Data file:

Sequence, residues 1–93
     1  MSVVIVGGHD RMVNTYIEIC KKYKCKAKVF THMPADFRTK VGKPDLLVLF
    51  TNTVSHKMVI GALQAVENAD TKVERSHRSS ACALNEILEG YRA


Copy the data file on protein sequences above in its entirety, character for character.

Sequence, residues 1–93
     1  MSVVIVGGHD RMVNTYIEIC KKYKCKAKVF THMPADFRTK VGKPDLLVLF
    51  TNTVSHKMVI GALQAVENAD TKVERSHRSS ACALNEILEG YRA